See, hear, smell, touch, and even take home a small piece of the history and geology of the Texas Hill Country at the Upper Highland Lakes Nature Center on Reveille Peak Ranch in Burnet. Geared toward teaching children about nature, the nonprofit center stakes out 6 acres of the ranch for a variety of learning stations, including a registered archeological dig, a pollinator garden, demonstration gardens, a rainwater collection station, bee colonies, habitats, and a geological formation that represents all three types of rock that make up the earth.
“We call this a geologic amphitheater,” said Billy Huston of Oatmeal as he stood in the middle of what looked like a river of melting rock frozen in action. “You can see this span of time in only four or five places in the world, like the Grand Canyon. It has all three types of rock. It’s exactly what kids learn about in school.”
As a longtime Master Naturalist, Huston knows the science behind the small canyon of stone. Kids better grasp the concepts as they crawl over the formation.
“They can walk on it, touch it, put a piece of it in their pockets,” Huston said. “It’s a whole earth lesson right here.”
The exposed rock is at least 1.3 billion years old, Huston continued, and came to light when the October 2018 flood washed through the area and cleared off the soil under which it was hiding.
The new and treasured geology section is one of the natural assets that volunteers use to teach with at the site, which opened in 2012. Huston’s vision for using nature to teach came to fruition when Reveille Peak Ranch owner Vol Montgomery offered to let him develop the center at the ranch.
“Our success comes from two things,” Huston said. “We have a very generous landlord and enthusiastic members of our Friends group.”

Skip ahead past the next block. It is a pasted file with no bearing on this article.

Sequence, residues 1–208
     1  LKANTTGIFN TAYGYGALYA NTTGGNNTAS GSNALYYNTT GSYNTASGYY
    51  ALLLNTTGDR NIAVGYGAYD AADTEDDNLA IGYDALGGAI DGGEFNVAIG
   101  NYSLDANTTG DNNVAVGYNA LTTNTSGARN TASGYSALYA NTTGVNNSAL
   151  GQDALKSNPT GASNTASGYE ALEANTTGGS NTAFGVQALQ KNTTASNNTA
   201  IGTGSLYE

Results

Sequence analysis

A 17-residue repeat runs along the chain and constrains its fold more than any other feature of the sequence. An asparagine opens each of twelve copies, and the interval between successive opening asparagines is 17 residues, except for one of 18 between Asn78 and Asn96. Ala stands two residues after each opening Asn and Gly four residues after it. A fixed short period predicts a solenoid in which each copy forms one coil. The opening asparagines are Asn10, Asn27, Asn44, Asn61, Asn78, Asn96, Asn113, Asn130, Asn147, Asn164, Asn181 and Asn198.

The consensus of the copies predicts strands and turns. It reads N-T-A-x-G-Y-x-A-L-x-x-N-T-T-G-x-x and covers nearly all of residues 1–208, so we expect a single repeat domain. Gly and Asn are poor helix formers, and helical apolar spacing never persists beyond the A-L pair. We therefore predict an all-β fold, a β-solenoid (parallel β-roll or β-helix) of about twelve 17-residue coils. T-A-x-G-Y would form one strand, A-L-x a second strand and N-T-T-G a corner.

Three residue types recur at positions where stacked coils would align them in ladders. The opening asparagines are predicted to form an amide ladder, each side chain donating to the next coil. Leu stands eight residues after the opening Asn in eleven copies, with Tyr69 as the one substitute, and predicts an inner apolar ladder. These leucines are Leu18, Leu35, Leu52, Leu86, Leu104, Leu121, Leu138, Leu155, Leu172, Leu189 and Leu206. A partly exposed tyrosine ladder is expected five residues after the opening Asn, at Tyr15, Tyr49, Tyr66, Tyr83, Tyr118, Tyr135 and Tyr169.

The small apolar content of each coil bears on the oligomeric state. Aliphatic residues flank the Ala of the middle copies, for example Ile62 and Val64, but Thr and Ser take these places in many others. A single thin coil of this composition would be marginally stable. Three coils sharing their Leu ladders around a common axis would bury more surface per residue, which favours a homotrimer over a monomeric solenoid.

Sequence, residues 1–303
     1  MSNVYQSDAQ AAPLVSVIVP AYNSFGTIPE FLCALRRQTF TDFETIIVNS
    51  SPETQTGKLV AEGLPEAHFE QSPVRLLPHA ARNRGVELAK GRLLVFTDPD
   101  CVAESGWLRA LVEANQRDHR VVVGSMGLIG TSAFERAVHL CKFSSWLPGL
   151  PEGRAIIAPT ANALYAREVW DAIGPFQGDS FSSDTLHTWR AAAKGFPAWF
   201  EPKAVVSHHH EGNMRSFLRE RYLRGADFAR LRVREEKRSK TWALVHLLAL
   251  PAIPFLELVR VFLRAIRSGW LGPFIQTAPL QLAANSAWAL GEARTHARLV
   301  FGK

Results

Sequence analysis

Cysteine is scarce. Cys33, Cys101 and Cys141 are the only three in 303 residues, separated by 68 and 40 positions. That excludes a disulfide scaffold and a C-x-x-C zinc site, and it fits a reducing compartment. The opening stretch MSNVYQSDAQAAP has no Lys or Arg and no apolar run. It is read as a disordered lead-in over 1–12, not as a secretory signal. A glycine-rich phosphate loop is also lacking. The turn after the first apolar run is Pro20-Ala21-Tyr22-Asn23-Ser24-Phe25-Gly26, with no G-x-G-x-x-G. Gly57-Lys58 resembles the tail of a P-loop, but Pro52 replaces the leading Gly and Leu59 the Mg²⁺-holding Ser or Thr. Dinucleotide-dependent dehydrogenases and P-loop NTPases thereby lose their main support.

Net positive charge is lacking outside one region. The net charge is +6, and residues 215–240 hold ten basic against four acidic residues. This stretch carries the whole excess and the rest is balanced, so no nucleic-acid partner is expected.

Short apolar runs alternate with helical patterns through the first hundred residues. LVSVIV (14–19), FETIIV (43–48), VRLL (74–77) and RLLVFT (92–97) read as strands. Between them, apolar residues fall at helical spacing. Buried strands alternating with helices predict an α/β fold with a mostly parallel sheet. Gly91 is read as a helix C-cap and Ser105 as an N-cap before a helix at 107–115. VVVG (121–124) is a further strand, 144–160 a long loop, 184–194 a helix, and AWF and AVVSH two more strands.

Friends of the Upper Highland Lakes Nature Center is a crucial piece of the center’s nonprofit status, providing membership dues, donations, and volunteers.
The nature center has an abundance of wild things to go along with its geology. At the main entrance, demonstration gardens model planting for pollinators and raised and keyhole beds.
“In our Native American garden, we teach how they planted, what they planted, and how they survived — how they got their food, medicine, and shelter from plants,” Huston said. “Outdoors is our best classroom.”
As Huston walked along trails a Boy Scout troop outlined with tree branches, he pointed out both native and non-native bee colonies, a rainwater collection station used to water the gardens, and a beaver hut to demonstrate habitats. The trail also leads to a registered archeological dig complete with the ancient tools and projectile points found on site and a stage and seating area for demonstrations and overnight camping sing-alongs.
“We put a white sheet up behind the stage and shine a light behind the sheet so it will attract all the bugs,” Huston said. “Afterwards, they take the trapped bugs and identify them. Another great lesson that doesn’t cost a thing.”